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Tales of Molestations in Jacksonville Public Bathrooms Rock Ordinance Hearing

Tales of Molestations in Jacksonville Public Bathrooms Rock Ordinance Hearing


Two men who said they were sexually assaulted by gay men are opponents of a proposed bill to protect LGBT citizens in this Florida city.

As Jacksonville, Fla., leaders debate whether to add sexual orientation and gender identity to the city's human rights ordinance, two adult survivors of sexual abuse have given shocking testimony in opposition to it.

They told the City Council that the proposal should be rejected to prevent what happened to them from happening to others. One man blamed LGBT people for his molestation in a public restroom as a child, Jacksonville TV Station WJAX reports.

"At the age of 10 to 12 years old, I was in restrooms, business, and I was sexually assaulted by the homosexual community," the unidentified man said. WTLV also reported his claim.

The man later admitted that for 20 years, he sexually assaulted children in St. Louis because he thought it was "acceptable." The man told WJAX he did not assault any children in Jacksonville.

Police told The Florida Times-Union the speaker identified himself to them as Roy Bay. A Jacksonville Sheriff's Office spokesman who was at the meeting said police will look into his statements, which included a claim that he was never caught or punished for his past actions.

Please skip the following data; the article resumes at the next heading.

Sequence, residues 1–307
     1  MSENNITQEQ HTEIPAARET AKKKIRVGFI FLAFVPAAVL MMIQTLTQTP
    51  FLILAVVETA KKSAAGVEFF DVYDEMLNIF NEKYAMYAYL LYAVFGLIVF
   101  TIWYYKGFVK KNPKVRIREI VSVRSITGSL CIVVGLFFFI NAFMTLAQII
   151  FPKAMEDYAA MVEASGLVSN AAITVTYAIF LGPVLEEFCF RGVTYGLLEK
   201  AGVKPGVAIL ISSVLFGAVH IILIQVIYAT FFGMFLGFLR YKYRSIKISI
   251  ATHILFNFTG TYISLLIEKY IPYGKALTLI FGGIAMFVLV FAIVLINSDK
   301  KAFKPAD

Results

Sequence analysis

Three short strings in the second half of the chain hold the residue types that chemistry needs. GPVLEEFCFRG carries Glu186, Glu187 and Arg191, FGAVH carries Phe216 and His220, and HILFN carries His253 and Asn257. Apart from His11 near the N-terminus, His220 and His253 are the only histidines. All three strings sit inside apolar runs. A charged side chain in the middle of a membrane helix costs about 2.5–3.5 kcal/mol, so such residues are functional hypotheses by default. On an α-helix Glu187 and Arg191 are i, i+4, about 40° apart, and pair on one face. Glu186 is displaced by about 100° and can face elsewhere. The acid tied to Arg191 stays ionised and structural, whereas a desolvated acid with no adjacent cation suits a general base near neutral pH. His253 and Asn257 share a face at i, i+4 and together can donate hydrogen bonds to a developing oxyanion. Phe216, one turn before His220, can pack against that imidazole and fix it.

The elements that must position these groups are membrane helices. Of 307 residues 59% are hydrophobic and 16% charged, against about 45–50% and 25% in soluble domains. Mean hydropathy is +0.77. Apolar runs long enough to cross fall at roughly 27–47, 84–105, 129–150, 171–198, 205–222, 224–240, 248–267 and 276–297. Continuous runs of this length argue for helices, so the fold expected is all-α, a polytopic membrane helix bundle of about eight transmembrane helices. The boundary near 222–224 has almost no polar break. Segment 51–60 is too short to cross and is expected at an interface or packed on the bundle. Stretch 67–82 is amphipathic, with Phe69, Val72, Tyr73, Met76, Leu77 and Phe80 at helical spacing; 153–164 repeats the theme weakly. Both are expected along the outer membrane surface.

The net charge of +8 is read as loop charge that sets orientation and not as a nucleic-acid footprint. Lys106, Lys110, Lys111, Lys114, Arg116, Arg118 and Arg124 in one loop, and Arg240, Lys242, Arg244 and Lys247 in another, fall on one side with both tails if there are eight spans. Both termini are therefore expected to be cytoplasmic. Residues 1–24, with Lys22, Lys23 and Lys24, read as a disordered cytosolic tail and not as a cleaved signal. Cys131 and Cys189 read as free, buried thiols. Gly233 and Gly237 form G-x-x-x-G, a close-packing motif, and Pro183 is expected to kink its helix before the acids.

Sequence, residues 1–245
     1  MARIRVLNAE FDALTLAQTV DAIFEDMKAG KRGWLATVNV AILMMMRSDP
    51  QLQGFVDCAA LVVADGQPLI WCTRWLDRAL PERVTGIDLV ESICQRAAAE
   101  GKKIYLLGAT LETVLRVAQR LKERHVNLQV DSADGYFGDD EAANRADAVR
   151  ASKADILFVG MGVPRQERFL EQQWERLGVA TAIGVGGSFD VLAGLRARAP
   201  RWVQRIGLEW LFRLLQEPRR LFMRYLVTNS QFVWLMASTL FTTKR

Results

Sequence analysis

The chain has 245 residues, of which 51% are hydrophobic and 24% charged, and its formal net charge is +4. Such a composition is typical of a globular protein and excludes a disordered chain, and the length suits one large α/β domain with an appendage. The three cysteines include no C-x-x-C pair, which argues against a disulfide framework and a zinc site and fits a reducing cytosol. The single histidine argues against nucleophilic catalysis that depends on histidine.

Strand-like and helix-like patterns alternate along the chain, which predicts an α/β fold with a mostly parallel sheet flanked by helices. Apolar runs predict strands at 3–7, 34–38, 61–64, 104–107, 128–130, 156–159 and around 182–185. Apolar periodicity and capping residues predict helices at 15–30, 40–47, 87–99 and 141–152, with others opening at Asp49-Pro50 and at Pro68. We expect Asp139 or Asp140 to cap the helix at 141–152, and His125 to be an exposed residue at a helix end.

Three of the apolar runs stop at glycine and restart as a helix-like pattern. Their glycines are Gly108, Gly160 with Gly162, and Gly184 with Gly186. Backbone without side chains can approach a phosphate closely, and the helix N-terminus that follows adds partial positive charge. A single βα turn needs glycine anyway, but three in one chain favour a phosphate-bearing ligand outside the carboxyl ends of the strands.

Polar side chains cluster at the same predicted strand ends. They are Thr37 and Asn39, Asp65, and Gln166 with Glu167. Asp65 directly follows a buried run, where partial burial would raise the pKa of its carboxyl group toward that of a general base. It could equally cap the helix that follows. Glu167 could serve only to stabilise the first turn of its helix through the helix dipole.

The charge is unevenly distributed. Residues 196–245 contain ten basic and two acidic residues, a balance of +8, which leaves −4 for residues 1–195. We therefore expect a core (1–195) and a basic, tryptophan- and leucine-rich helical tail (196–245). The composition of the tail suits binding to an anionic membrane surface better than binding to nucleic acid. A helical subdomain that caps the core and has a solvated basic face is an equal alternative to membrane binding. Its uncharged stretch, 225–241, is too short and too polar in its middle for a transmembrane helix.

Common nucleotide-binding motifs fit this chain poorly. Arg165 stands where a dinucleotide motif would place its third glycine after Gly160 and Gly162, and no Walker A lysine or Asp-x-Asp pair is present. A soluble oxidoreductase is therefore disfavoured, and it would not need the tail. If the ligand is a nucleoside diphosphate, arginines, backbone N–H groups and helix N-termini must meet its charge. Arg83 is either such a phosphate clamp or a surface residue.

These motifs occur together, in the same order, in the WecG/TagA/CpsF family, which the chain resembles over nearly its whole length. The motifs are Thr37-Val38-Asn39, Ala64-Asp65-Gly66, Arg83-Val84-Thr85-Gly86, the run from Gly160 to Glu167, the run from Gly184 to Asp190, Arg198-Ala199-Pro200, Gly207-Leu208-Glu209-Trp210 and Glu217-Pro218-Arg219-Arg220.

Another man who testified said anyone who has suffered discrimination can use existing laws. "What do you think we have courts and attorneys for? And laws?" said Jacksonville resident Rob Wolf, who opposes expanding the ordinance, according to the report by WTLV. "That's what people should do, they should go the legal route."

Wolf also testified before the council, claiming that as a teenager, he was assaulted by gay men.

What no one at the hearing or in media reports stated, however, is that the ordinance at hand would do nothing to increase the likelihood of sexual assault on minors.

The website for the Jacksonville's Coalition for Equality, which supports the ordinance, addresses this issue as a "myth:"

Myth: Inclusive HRO protection will allow male sexual predators to dress as women and lurk in women's and girls' bathrooms.

Reality: HRO legislation does not allow or encourage sexual predation or pedophilia. Both are criminal offenses, whether local inclusive HRO protection is in place or not. And officials in cities and states that have inclusive HRO protection, from Massachusetts to Hawaii, have reported no increase in those incidents.

The claims from these two Jacksonville men come as the northeastern Florida city tackles the same challenges faced by supporters and opponents of the Houston Equal Rights Ordinance late last year. HERO banned discrimination based on sexual orientation, gender identity, and 13 other characteristics in housing, employment, and public accommodations, but was repealed after it was put to a vote. Many claim HERO was pulled back after opponents convinced voters that because the ordinance would allow transgender residents to use the restrooms appropriate for their gender identity, it would have given male sexual predators legal access to women's public restrooms. This, despite the fact that there has been not one documented case of a sex offender pretending to be trans so that they could enter a restroom and assault someone.

The bill to expand Jacksonville's ordinance to include sexual orientation and gender identity was introduced by Councilman Tommy Hazouri, according to the Times-Union. The council will discuss whether to vote on the bill or open up the issue to a vote by the general public in special meetings that will take place in February.

Watch a report from WTLV below.

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